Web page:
Facts about Poland - Seven Wonders of Poland
The Seven Wonders of Poland (Polish: Siedem cudów Polski) was a short list of cultural wonders located in Poland. The creation of the list was initiated by the leading Polish newspaper Rzeczpospolita in a country-wide plebiscite held in September 2007.1 The results were published in the following month.2
Initially over 400 national monuments were selected as candidates by the magazine online-readers, however in the second round of selections a board of experts reduced the number to 27. The third and last round of public on-line voting started on 31 August 2007, to choose the top seven wonders. Results of the popular vote were announced on 21 September 2007.
How to plan a vacation in Polish?
Planning a vacation is always associated with a number of issues to attend to. Some of them are more and the other less important, however, that the holiday was unforgettable for us, we take care of all of them. Organizing holidays in Poland, we should first of all think of a good accommodation and match its form to our requirements and capabilities. For some, the best solution will be hotels, others choose rather pensions and always worth checking what can be found in a particular place. Not everywhere we can find luxury accommodation, so it is wise to check this before. Besides accommodation, a very important issue is also the transport and attractions on-site, and if you take care of it all, our vacation will be great.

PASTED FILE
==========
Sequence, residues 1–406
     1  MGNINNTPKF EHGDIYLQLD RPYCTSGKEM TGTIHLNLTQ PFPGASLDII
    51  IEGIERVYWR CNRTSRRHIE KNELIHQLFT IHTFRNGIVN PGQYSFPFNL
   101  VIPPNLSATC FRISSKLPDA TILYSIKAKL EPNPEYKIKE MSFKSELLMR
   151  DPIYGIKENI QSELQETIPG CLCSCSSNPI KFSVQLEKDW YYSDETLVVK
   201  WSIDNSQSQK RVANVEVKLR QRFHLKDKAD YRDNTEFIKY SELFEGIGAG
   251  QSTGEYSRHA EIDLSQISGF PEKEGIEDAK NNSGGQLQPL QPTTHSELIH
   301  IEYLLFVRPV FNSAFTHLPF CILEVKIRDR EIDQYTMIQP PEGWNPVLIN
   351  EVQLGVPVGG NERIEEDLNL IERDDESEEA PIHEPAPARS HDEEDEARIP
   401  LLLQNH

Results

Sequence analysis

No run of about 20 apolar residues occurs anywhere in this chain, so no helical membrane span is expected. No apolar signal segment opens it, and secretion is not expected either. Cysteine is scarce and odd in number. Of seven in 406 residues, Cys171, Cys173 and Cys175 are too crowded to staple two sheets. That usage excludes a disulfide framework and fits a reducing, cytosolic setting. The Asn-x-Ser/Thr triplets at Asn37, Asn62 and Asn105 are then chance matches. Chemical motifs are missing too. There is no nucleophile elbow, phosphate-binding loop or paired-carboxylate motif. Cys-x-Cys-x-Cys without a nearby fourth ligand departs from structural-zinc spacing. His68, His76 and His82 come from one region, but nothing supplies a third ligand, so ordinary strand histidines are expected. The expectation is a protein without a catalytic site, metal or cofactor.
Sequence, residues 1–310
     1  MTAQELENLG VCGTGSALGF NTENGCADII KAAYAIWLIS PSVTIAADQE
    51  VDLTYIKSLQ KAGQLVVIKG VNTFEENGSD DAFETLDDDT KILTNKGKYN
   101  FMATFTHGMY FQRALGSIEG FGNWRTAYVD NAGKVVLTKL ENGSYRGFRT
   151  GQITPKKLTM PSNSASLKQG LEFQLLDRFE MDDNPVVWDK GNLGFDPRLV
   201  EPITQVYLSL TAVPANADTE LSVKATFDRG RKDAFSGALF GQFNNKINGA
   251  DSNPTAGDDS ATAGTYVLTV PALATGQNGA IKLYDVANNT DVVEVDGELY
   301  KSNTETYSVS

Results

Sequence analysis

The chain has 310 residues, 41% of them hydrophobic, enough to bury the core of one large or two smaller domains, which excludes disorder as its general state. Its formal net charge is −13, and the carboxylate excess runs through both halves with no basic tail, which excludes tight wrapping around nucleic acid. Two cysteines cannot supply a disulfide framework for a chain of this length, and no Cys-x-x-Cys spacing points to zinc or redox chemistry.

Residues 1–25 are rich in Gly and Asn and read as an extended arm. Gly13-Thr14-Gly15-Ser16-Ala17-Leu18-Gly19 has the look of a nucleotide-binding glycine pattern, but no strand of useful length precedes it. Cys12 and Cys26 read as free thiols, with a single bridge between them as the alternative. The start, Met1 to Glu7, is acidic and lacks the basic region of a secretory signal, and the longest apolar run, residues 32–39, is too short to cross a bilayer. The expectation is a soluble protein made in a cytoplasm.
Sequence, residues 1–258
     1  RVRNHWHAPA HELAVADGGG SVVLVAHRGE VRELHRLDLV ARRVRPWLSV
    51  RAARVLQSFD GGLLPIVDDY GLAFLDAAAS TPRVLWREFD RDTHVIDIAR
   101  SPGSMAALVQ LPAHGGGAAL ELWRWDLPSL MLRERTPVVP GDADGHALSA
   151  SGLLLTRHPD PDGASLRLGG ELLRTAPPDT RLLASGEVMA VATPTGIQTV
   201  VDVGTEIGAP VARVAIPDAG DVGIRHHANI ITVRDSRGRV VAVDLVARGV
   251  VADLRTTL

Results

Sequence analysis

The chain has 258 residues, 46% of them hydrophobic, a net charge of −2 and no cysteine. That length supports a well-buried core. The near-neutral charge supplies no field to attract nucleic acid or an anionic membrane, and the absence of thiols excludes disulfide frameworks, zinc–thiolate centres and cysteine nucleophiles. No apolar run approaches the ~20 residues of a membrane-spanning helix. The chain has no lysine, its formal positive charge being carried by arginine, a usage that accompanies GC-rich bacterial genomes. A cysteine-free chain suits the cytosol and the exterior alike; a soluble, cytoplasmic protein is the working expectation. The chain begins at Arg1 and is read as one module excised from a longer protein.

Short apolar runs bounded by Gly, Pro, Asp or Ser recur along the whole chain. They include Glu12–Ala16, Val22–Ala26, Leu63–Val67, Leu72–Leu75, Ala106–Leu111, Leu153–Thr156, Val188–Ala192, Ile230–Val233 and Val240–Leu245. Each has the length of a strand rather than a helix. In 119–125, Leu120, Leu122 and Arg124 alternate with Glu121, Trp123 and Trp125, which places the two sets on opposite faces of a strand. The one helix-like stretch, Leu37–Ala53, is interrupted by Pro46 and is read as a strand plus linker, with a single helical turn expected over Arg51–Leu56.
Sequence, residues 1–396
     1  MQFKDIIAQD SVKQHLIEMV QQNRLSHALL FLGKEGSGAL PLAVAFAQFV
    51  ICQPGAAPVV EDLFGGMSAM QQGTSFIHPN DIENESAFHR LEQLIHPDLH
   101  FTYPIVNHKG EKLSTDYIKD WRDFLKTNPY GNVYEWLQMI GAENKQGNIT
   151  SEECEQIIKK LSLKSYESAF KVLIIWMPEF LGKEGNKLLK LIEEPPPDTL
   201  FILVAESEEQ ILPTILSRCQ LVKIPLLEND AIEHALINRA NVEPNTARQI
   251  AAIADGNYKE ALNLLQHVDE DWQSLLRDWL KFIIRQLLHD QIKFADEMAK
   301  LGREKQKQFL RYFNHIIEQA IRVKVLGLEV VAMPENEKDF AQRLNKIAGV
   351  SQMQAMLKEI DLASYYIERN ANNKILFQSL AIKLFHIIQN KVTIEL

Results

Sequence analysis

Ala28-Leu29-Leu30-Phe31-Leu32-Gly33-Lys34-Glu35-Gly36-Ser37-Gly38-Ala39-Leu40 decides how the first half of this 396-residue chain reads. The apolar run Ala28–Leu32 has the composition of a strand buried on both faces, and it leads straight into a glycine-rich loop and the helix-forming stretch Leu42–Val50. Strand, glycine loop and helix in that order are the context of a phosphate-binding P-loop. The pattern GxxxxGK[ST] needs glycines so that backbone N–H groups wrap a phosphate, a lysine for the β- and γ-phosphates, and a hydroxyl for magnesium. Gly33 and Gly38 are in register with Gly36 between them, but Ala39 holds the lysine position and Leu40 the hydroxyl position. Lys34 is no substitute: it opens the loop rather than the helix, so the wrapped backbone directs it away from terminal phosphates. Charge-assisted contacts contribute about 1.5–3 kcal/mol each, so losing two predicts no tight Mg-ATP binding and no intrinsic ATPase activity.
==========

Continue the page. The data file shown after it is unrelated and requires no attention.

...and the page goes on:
Worth to know - The High Tatras
The High Tatras or High Tatra Mountains (Slovak and Czech: Vysoké Tatry, Polish: Tatry Wysokie, Hungarian: Magas -Tátra), are a mountain range along the border of northern Slovakia in the Prešov Region, and southern Poland in the Lesser Poland Voivodeship. They are a range of the Tatra Mountains chain.
The mountain range borders Belianske Tatras to the east, Podtatranská kotlina to the south and Western Tatras to the west. The major part and all the highest peaks of the mountains are situated in Slovakia. The highest peak is Gerlachovský štít, at 2,655 metres (8,711 ft).